By Maureen Lee Lenker
June 30, 2020 at 11:00 AM EDT
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There are few romance tropes as divinely delectable as the fake relationship — two people have to pretend to be in love for personal or professional gain, and then, oops, they really fall for each other. Even if the couple at the heart of a romance novel isn't faking a relationship, they're still probably faking something — their confidence, their identity, what have you. These five romances tackle the joys of faking it (but never, ever in the bedroom), whether it's a secret identity or the #couplegoals of a fake relationship.

The Boyfriend Project

By Farrah Rochon

Review: There’s so much frothy, heartfelt goodness in The Boyfriend Project, from deft, real depictions of female friendship to a swoony office romance, that it’s hard to know where to start. After Samiah Brooks discovers she’s been catfished by her three-timing boyfriend, she and the other two women, London and Taylor, make a pact. For the next six months, they will focus on themselves and their careers. No dating. It’s the perfect time for Samiah to dedicate herself to an app she’s always dreamed of developing. But that’s quickly complicated by Samiah’s new coworker, Daniel Collins, who has a secret of his own — he’s an undercover agent working to uncover financial crime in their office. Daniel and Samiah wrestle with what their growing feelings mean for their commitment to their careers and whether their attraction might derail everything they’ve been fighting for. Rochon underscores the value of relationships here throughout, both friendly and romantic, and how the right ones can prove fuel to our ambitions. The Boyfriend Project is rom-com joy, with delectable office vignettes and an irresistible “will they-won’t they” vibe. Rochon’s warmth and easy humor sing off the pages, but the book also has plenty to say: about female friendships, about showing up for each other, about trust, and about racism. As a Black woman in tech, Samiah ruminates on perfection, refusing to allow even one mistake to give someone an excuse to discount her or other Black women in STEM. She holds herself to an impossible standard, but Daniel helps lessen the load for her. The Boyfriend Project delves into the weight of expectations, ones we set for ourselves and ones laid upon us by others. It doesn’t suggest that love or friendship is the solution, so much as remind readers that sharing the burden with those who’ve got your back can be healing. I want to grab watermelon margaritas with these ladies, or at least join their group text. Between Daniel’s quiet intelligence, Samiah’s fierce ambition, and the humor and heart of Taylor and London, there’s no shortage of things to celebrate. Rochon is incisively funny, gifted at winging between laugh-out-loud scenarios, crackling banter, and pointed social commentary. The Boyfriend Project is vibrantly realized, a modern-day tale with real-world stakes that will leave you giggling and swooning from cover to cover.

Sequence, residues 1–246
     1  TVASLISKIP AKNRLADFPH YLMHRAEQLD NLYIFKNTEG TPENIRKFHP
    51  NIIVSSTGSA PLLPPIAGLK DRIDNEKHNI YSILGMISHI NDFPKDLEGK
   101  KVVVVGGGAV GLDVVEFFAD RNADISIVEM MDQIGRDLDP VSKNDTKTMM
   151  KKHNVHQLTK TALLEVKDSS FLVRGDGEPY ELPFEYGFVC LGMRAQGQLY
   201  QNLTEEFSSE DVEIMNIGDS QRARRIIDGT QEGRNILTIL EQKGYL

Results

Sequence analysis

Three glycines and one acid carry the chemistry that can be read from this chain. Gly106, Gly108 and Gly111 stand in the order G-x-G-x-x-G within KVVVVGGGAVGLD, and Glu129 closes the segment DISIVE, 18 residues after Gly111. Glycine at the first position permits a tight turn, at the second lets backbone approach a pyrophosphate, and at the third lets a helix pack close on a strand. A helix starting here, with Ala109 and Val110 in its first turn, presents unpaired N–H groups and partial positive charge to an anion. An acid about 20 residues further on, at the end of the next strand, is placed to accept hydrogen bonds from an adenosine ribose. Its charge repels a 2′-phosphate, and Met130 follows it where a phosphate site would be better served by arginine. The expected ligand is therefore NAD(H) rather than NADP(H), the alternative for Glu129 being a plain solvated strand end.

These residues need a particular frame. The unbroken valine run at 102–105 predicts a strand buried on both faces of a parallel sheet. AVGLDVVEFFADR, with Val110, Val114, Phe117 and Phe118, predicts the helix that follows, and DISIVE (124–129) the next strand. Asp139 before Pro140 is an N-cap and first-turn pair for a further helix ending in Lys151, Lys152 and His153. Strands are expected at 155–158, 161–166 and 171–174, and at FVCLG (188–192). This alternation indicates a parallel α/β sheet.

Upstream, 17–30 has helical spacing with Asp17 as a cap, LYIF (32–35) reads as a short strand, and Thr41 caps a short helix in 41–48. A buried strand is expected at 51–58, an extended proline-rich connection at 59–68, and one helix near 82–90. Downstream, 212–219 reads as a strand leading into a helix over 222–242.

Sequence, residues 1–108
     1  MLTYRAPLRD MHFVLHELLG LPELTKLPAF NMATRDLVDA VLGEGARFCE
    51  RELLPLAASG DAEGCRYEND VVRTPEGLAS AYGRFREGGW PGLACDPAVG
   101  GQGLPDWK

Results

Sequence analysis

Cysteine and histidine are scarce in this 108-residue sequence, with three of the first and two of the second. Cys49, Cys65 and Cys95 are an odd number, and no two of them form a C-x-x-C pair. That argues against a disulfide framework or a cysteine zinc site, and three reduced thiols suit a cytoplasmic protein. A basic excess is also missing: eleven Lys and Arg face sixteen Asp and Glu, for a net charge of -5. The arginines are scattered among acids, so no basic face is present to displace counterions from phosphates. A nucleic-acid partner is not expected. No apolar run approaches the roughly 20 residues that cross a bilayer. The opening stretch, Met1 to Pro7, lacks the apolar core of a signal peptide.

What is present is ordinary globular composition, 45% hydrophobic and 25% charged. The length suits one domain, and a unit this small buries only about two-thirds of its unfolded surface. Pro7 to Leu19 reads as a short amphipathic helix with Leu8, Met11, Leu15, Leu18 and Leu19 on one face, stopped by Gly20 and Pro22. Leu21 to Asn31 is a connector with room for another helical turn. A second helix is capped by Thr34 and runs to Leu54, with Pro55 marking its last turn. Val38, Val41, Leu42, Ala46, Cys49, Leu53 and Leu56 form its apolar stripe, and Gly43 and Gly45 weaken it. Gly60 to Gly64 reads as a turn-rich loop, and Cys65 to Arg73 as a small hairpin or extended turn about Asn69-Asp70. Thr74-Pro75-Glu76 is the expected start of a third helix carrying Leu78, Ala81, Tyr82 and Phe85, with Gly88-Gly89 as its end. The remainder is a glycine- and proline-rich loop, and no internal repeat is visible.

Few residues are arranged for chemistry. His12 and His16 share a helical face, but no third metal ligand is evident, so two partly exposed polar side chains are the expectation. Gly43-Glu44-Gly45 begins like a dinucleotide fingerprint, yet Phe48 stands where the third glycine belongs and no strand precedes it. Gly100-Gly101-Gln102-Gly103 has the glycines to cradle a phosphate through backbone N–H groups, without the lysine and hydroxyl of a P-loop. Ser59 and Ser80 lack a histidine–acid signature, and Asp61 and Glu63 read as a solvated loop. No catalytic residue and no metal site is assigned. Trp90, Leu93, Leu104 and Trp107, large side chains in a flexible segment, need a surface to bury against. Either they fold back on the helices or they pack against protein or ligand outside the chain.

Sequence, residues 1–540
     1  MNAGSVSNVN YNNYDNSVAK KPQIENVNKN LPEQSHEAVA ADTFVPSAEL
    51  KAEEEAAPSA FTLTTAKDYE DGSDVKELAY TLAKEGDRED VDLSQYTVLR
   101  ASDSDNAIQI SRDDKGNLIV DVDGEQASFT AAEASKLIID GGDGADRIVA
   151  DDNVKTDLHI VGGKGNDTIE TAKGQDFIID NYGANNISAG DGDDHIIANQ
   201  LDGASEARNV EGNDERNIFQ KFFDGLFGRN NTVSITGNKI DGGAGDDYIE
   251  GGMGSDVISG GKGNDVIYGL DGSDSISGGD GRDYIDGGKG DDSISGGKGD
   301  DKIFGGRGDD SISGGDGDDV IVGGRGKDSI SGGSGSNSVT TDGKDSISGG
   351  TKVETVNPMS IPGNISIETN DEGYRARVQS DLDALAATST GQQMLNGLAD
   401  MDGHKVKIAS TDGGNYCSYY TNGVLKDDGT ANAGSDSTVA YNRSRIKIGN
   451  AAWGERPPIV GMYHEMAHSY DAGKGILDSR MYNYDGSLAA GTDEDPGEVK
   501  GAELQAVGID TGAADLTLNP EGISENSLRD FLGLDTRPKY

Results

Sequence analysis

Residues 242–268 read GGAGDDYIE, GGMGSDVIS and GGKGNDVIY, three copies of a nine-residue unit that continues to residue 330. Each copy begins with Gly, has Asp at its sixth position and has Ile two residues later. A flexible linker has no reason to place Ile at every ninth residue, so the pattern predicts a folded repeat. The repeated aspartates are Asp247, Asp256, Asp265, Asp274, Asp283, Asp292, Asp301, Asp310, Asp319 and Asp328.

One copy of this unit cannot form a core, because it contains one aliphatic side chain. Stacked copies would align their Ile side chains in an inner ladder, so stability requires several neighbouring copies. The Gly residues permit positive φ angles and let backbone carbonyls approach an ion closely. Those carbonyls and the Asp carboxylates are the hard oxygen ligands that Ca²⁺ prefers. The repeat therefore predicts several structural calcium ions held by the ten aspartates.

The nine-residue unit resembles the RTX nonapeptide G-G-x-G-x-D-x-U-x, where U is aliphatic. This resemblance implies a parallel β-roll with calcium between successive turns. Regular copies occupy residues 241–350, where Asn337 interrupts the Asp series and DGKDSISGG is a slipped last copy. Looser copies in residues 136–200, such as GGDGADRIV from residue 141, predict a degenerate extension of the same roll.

Heat Rating: 🔥🔥🔥🔥

Grade: A

Conventionally Yours

By Annabeth Albert

Review: While buddy road trips and fan conventions are soaked in a nostalgic haze this summer as we grapple with a global pandemic, Annabeth Albert offers readers a heartfelt escape into both with Conventionally Yours. Alden Roth and Conrad Stewart have next to nothing in common, except that they both can’t stand each other. Alden, a neurodiverse bookworm, resents Conrad’s seemingly effortless popularity, while Conrad, whose life is secretly falling apart, finds Alden standoffish and condescending. When the two end up on a road trip across the U.S. to a massive convention and tournament for their favorite tabletop game, they discover all of their assumptions about each other were wrong. While they each could possibly stand in the way of the other’s dreams, they can’t deny the connection they forge. Albert writes crisply and sensitively of both Conrad and Alden’s challenges. Alden struggles to live up to his family expectations and connect with his peers, while Conrad is reeling from being cut-off (emotionally and financially) from his family after coming out to them. In both their cases, it grapples with what can feel insurmountable to young adults: finding acceptance and love, making your own way in the world, and coping with the expectations of your family. These are big subjects at play: abandonment, homophobia, neurodiversity, and finding a sense of purpose. But Albert tackles each of them delicately, balancing Conrad and Alden’s struggle and pain with the thrills of their joy. She celebrates the refuge they find in each other, how they both learn to believe in something greater than themselves through their relationship. All of this is laced with the distinct humor and winking sarcasm of the character’s voices. The game at the heart of the plot, the fictional Odyssey, is deftly crafted, with a true admiration for the tabletop gaming community. Albert keys into the more noble aspects of the game — the sense of fun, the escape, the haven it can offer. Through finding each other, Conrad and Alden also rediscover what made them love the game in the first place. Conventionally Yours is an ode to LGBGTQ+ joy, one that acknowledges the growing pains of young adulthood (pain that is often even more complex and traumatic for members of the queer community), but also resolutely claims a defiantly, deliriously happy future as birthright.

Heat Rating: 🔥🔥🔥

Grade: B+

Take a Hint, Dani Brown

By Talia Hibbert